United States. Dept. of Commerce and Labor United States. Bureau of Foreign Commerce.

Consular reports, Issues 196-199 online

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86
106

59
109

lOZ

93
73
78
91
1x3

754

lOX

79
94i
74
74
77
74



Per pound,
United

States cur-
rency,
about-



Approximate value.



Cents.



36f
3»i|
38i!,
ail

37 I
362

33J|
a6?
28i


»7l

36i
28I
34i
26t

26|

28
26}



In Dutch
currency.



Florins.

8^030,000

2,580,000

1,940,000

1,000,000

1,720,000

1,550,000

1,040,000

595,000
565,000
575,000
610,000
365,000
355,000
265,000
232,000
135,000
130,000
90,000
70,000



In United
States cur-
rency.



$3,212,000
633,000
776,000
400,000
688,000
620,000
416,000
238,000
226,000
230,000
244,000
146,000
142,000
106,000
92,800
54.000
52,000



Value of Sumatra tobacco crops since the beginning of the culture.

Approximate total value.



Year.



1864.
1865.
1866.
1867.
x868.
1869.
1870.
1871.
1872.
1873.
1874.
1875.
1876.
1877,
1878
1879-
1880.
x88i.
1882,




Bales.
50
189
"74

224

890
X.381

3, "4

3,922
6,409

9,238
",895

15,355
29,030
36, 520
48,550
57,553
64,964
82,356
102,050



Approximate average
sale price.



Per half
kilogram,
Dutch cur-

'rency.



Cents.

48
149
X13

70
142
129

X22

"37

"32
182
150

170

»53i
137
"25
117
'»i3
"«5j
X38



Per pound,
United

States cur-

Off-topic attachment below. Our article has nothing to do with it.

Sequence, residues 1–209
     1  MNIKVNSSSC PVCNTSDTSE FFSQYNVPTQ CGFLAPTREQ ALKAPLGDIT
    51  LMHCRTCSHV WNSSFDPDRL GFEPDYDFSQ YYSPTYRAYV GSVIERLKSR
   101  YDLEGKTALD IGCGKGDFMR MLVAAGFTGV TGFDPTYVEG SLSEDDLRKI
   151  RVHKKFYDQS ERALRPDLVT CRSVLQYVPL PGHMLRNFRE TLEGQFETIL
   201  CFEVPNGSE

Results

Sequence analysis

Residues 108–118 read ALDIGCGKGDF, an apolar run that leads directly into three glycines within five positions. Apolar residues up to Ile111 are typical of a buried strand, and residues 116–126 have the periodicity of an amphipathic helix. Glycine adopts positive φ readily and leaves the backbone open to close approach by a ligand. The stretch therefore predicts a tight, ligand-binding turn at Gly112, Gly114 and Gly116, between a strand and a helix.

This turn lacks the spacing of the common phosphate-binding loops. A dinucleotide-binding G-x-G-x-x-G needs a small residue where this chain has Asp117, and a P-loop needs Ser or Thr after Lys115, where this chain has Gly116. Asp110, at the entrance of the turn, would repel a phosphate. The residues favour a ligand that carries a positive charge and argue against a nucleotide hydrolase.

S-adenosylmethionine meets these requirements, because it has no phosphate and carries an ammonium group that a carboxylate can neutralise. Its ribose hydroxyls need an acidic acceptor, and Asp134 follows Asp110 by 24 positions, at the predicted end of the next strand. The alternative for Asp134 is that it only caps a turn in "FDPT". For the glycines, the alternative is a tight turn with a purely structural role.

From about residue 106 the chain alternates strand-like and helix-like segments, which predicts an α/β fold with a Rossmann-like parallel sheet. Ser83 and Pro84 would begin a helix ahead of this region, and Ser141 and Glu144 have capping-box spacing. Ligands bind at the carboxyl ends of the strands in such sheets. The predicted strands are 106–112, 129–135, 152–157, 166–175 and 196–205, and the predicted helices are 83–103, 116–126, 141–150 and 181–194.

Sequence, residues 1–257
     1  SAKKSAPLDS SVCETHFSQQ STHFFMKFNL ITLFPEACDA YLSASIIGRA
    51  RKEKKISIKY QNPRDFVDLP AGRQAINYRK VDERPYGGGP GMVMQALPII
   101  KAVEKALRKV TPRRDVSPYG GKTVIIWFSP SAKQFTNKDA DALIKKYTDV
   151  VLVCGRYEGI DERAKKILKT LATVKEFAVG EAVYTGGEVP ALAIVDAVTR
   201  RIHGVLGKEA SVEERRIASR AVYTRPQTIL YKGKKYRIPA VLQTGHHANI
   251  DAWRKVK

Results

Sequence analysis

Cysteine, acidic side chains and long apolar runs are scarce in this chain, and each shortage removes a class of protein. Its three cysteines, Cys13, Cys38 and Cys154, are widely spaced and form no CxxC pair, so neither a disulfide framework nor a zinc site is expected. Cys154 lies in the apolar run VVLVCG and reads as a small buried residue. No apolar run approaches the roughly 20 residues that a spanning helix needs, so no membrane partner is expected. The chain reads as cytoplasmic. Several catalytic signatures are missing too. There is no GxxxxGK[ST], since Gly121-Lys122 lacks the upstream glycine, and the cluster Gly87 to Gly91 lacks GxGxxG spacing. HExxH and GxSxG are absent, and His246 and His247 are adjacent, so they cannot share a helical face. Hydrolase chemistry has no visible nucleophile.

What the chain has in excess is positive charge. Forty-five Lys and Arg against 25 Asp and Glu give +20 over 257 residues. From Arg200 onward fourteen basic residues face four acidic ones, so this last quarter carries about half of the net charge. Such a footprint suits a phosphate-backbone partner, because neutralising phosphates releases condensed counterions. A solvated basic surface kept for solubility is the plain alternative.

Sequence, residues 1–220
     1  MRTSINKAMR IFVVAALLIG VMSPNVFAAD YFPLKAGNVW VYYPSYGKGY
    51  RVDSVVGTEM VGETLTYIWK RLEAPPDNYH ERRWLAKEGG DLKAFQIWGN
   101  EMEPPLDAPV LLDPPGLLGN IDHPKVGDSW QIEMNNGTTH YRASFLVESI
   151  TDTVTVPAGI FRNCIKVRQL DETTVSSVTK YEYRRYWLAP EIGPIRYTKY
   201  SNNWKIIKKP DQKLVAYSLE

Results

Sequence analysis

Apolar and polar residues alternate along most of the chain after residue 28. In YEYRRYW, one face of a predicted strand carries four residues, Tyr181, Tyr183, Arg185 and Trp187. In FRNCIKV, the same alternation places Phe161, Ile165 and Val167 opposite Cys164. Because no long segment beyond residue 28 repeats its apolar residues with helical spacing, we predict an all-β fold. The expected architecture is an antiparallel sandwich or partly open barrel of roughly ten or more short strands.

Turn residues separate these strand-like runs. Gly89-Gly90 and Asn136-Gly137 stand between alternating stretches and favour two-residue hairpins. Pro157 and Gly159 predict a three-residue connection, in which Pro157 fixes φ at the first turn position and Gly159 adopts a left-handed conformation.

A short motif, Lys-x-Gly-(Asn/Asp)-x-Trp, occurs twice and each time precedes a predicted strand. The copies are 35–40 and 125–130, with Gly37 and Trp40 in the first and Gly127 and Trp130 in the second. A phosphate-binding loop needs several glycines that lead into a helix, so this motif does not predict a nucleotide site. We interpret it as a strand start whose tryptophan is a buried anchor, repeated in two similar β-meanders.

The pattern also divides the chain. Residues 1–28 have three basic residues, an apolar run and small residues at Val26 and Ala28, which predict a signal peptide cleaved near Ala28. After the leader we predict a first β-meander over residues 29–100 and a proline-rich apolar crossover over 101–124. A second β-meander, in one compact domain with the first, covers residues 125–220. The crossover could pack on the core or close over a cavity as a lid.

rency.



Cents.



"7l

54l

4"

25l

51I

46t

44i

49t

471

66

54!

6i|

55i

45l

45

42i

403

41J

493



In Dutch
currency.



Florins.
4,000
40,000
30,000

900,000

250,000

500,000

750,000

X, 000, 000

2,500,000

2,850,000

3,900,000

6,450,000

6,690,000

9,120,000

10,300,000

1,134,000

1,448,000

21,420,000



In United
States cur-
rency.



$z,6oo
x6,ooo

12, 000

8,000

80,000

zoo,ooo

900,000

300,000

400,000

1,000,000

1,140,000

1,560,000

9,580,000

2,676,000

3,648,000

4,X3O,0OO

4,536,000
5,792,000
8,566,000



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Google



TOBACCO IN THE NETHERLANDS. 545

Vaiu£ of Sumatra tobacco crops since the beginning of the culture — Continued.



Year.



1883.
1884.
1885.
1886.
1887.
1888
1889.
1890.
1891.
189a.
1893.
1894.
1895.



Quantity.



Bales.

92,530
125,264
124,718
"39.5»a
»44»4oo
182,384
182,341
234,063
335,629
144,689
169,520
193, 767
«4»347



Approximate average
sale price.



Per half
kilogram,
Dutch cur-
rency.



133
M5
X414
i54i
130)

I27i

146

92
126
144
119

90



Per pound,
United

States cur-
rency.



Cents.



48

l^\

5ii

56

43J

46I

53

26^

33l
45f
5^1

43i
3^1



Approximate total value.



In Dutch
currency.



Florins r
29,050,000
27,250,000
26,800,000
32,700,000
26,400,000
35,500,000
40,445,000
25,800,000
31,600,000
27,300,000
37,600,000
35,000,000
28,325,000



In United
States cur-
rency.



^7,



620,000
900,000
730,000
080,000
560,090
200,000
180,000
320,000
640,000
920,000
040,000

330,000



At Amsterdam, — Twelve inscriptions were held The number of bales
sold was 174,641 ; average price, 91^ cents in Dutch currency per half kil-
ogram, or 33 cents per pound. The total value was about 24,610,000 florins
(i9»344,ooo).

At Rotterdam, — Three inscriptions were held . The number of bales sold
was 26,268; average price, 84 cents in Dutch currency per half kilogram, or
30 cents per pound. The total value was about 3,390,000 florins (J 1,356, -
000).

At Bremen. — Three thousand four hundred and thrrty-eight bales were
sold at 541^ cents in Dutch currency per half kilogram, or 19!^ cents per
pound.

The exports to the United States from April i, 1896, to date, were 16,-